While personal attempts to eat less meat, say, or buy an electric car make individuals feel good about themselves and may influence a few others, Jaccard insists that the short-term economic advantages of adding carbon to the atmosphere are so lucrative that they require concerted government action to push things the other way.
And putting political pressure on governments means garnering media and public attention, something harder to do when the whole world is worried about something that seems far more pressing — namely a deep economic recession caused by a deadly health crisis that just won’t go away.
“You have policy windows,” Jaccard said, referring to those moments such as after Hurricane Katrina, which struck New Orleans and the surrounding area in 2005, or following the past year’s devastating forest fires in Australia and the U.S. west, when the public and politicians are forced to take climate issues seriously.
He said COVID-19 is just the 2020 version of a series of global events that have redirected attention away from the climate change issue just as it was beginning to take off.
‘We got really excited’
“We got really excited about the Kyoto Protocol in the late 1990s, and then along came 9/11 — and everyone got diverted with the U.S. wanting to invade countries in the Middle East,” Jaccard said, referring to terrorist attacks on the United States on Sept. 11, 2001.
“And then you could say the same thing when we got excited about Hurricane Katrina, and you had Republicans and Democrats in the mid-2000s putting together policy … and China started to say, ‘Uh-oh we better get going.’ And then along came the  financial crisis.”
As the world, and especially Canada, seemed to be getting the pandemic under control during the summer, climate advocates were hoping their issue would come to the top of the agenda. But subsequent waves of the disease once again pushed COVID-19 stories to the top of the “most read” columns, narrowing the news hole for climate coverage.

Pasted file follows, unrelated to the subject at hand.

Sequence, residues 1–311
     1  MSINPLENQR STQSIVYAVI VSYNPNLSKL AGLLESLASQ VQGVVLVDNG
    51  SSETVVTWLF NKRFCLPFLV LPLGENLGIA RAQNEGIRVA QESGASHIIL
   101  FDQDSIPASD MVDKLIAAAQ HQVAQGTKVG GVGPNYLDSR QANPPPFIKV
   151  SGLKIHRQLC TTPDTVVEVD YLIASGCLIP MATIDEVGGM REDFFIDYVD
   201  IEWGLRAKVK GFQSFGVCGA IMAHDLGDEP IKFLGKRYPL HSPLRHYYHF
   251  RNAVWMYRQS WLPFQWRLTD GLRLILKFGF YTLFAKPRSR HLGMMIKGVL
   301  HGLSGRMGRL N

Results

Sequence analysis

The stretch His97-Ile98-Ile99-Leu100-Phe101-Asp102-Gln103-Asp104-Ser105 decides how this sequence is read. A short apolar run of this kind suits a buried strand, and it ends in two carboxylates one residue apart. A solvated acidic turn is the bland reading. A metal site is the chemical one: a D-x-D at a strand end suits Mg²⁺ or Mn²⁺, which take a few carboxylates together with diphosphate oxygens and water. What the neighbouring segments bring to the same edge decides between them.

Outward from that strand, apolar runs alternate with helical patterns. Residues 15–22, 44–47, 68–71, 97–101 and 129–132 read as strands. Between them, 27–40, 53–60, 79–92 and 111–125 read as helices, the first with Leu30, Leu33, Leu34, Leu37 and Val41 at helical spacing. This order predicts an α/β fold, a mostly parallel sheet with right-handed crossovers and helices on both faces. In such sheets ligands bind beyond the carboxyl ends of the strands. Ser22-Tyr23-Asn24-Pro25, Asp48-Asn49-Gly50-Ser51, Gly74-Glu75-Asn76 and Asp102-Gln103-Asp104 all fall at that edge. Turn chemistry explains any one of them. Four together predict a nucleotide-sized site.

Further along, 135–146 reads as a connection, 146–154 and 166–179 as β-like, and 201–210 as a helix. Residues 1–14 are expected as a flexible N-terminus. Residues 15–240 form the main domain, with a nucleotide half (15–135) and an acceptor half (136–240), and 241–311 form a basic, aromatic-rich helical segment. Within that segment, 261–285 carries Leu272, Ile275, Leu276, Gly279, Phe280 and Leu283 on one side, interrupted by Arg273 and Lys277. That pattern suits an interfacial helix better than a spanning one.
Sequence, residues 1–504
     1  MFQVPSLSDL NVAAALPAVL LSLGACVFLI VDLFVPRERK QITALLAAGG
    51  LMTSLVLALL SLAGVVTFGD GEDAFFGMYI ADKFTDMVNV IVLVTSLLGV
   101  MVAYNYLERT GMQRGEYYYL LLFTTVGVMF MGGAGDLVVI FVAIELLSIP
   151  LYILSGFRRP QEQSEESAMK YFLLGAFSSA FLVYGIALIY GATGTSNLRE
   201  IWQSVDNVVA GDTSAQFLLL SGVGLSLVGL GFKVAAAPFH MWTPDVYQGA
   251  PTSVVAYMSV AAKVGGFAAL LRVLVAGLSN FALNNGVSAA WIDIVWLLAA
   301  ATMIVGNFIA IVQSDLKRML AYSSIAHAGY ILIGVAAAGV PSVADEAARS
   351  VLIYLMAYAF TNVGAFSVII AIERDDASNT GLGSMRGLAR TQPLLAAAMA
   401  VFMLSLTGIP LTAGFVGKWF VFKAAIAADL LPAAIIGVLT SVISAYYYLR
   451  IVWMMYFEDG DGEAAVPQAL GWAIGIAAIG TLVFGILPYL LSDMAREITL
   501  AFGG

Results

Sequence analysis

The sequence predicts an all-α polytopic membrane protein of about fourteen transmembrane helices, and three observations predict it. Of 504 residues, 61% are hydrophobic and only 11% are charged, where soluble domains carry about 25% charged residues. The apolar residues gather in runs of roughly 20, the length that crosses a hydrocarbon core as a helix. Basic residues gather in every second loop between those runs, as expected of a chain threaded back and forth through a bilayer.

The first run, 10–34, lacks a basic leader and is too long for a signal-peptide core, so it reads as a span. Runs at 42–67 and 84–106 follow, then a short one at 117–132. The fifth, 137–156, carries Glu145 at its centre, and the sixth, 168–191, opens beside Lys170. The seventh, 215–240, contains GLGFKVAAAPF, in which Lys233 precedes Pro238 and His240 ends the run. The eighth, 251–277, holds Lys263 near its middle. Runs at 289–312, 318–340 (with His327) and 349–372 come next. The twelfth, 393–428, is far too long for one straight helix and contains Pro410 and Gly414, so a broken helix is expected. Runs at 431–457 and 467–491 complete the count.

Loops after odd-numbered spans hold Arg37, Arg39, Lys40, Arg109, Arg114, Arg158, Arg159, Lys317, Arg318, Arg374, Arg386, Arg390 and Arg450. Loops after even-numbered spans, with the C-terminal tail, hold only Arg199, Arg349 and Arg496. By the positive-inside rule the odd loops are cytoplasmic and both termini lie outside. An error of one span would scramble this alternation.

While political analysts were expecting a nod to green spending in Monday’s fiscal update, they say short-term allocations will mostly be diverted, quite reasonably, to bailing out parts of the Canadian economy devastated by a new round of pandemic lockdowns.
Jaccard says that has added to delays, as the latest government plan — to use post-pandemic economic recovery spending to advance the green agenda in a way that will finally put Canada on a path to Paris 2030 — has meant previous policy plans and spending have been deferred.
Despite the latest postponement, Jaccard remains hopeful. Conversations with conservatives have left him with the impression that even a change of government would not prevent Canada from moving forward on the climate change agenda.
And while he thinks the Trudeau government remains “climate-sincere,” he says media attention is essential to keep pressure on the Liberals not to spend too much money on political feel-good plans, such as tree planting, at the expense of real measures to cut carbon output. As The Economist reported recently, growing trees in one place doesn’t mean they aren’t being cut down elsewhere, and natural systems tend to return their carbon back to the atmosphere.
“If you’re allowing someone to keep polluting and then you’re sort of convincing yourself that you have offset that or compensated it,” Jaccard said, “the careful evidence doesn’t support that.”
Part of Jaccard’s continued optimism is due to the election of what looks like a climate-sincere Democratic government south of the border that — even without the support of a Republican Senate — can begin to make greenhouse gas-limiting regulations.